Chemotherapy and management of tuberculosis in the United Kingdom: recommendations 1998
- Joint Tuberculosis Committee of the British Thoracic Society*
- Dr P Ormerod.
- Received 30 September 1997
- Revision requested 9 December 1997
- Revised 23 December 1997
- Accepted 21 January 1998
BACKGROUND The guidelines on chemotherapy and management of tuberculosis in the United Kingdom have been reviewed and updated.
METHODS A subcommittee was appointed by the Joint Tuberculosis Committee (JTC) of the British Thoracic Society to revise the guidelines published in 1990 by the JTC. In preparing the revised guidelines the authors took account of new published evidence and graded the strength of evidence for their recommendations. The guidelines have been approved by the JTC and the Standards of Care Committee of the British Thoracic Society.
RECOMMENDATIONS (1) Patients with tuberculosis should be notified. (2) In view of the rising incidence of drug resistance, bacteriological confirmation and drug susceptibility testing should be sought whenever possible. (3) A six month short course regimen, with four drugs in the initial phase, should be used for all forms of tuberculosis, except meningitis, in both adults and children. (4) The fourth drug (ethambutol) in the initial phase can be omitted in certain circumstances. (5) Treatment of all patients should be supervised by physicians with full training in the management of tuberculosis and with direct working access to tuberculosis nurse specialists or health visitors. (6) Advice is given on (a) management in special situations and patient groups, (b) drug interactions, and special precautions and pretreatment screening, (c) chemoprophylaxis for different groups, and (d) the management of single and multiple drug resistance. (7) Advice is given on follow up after treatment and the organisational framework for tuberculosis services. (8) The role of directly observed therapy is discussed. (9) The management of multidrug resistant tuberculosis is explained in outline: such patients should be managed by physicians with special experience and in close liaison with the Mycobacterium Reference Units, and in hospitals with appropriate isolation facilities. (10) Infection control and segregation for such patients and for patients with dual infection with human immunodeficiency virus (HIV) and tuberculosis are covered in an .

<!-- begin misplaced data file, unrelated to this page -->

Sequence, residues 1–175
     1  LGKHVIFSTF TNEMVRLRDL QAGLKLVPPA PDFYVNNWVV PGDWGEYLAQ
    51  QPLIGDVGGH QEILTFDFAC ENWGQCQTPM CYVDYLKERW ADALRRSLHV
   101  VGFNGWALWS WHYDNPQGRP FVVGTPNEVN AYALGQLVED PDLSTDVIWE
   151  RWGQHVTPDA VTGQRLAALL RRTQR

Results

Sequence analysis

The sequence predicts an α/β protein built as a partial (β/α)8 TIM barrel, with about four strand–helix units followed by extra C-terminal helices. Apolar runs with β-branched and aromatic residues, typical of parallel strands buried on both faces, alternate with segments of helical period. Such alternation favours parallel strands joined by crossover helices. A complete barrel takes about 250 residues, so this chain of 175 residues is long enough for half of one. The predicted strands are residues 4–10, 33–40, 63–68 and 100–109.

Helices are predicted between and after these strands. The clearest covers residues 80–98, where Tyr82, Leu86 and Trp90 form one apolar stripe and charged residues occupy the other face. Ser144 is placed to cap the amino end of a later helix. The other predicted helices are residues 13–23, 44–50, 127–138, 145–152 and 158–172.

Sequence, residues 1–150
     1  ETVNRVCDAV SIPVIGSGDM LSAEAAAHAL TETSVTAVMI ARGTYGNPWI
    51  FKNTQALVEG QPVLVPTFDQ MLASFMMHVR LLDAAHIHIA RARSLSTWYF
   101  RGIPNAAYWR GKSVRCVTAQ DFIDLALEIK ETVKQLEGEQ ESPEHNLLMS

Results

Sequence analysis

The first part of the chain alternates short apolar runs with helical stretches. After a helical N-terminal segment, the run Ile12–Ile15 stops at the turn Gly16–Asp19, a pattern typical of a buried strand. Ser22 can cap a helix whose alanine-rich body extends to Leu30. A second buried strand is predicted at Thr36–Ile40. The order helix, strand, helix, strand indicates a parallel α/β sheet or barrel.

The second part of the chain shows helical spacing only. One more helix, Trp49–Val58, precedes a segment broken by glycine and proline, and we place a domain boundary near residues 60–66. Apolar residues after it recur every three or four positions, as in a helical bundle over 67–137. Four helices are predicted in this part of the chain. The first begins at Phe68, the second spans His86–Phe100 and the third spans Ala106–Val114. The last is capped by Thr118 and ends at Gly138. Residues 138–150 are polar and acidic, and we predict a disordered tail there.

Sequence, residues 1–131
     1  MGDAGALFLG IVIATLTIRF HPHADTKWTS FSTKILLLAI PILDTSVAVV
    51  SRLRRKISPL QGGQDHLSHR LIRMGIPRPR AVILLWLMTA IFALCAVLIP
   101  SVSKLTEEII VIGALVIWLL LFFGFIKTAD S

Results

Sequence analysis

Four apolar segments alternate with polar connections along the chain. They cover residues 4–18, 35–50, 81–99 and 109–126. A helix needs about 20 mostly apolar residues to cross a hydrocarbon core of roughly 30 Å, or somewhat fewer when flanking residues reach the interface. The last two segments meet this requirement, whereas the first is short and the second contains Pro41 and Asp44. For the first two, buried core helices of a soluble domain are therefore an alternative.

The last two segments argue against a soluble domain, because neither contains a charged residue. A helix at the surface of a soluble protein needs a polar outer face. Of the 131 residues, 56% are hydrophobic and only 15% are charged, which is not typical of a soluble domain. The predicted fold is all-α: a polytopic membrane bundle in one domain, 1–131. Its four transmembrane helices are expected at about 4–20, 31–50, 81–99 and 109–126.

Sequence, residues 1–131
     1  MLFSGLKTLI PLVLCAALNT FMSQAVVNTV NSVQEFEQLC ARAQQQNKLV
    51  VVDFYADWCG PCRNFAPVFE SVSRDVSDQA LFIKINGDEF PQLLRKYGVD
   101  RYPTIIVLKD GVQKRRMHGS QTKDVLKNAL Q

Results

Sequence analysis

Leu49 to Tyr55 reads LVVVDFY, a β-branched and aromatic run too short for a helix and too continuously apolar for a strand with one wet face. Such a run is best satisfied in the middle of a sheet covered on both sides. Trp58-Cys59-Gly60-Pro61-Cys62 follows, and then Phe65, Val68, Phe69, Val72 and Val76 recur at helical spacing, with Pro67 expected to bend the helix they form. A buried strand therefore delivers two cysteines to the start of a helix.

↵* Subcommittee comprising: Peter Ormerod, Royal Infirmary, Blackburn (Chairman Joint Tuberculosis Committee); Ian Campbell, Llandough Hospital, Cardiff (Secretary Joint Tuberculosis Committee); Vas Novelli, Great Ormond Street Hospital for Children NHS Trust, London (representing Royal College of Paediatrics and Child Health); Anton Pozniak, King’s College Hospital, London (representing Medical Society for Study of Venereal Diseases); Peter Davies, Fazakerley Hospital, Liverpool; Craig Skinner, Heartlands Hospital, Birmingham; John Moore-Gillon, St Bartholomew’s and the Royal London Hospitals, London; Janet Darbyshire, MRC HIV Clinical Trials Centre, London; Francis Drobniewski, Director PHLS Mycobacterium Reference Unit, London (co-opted)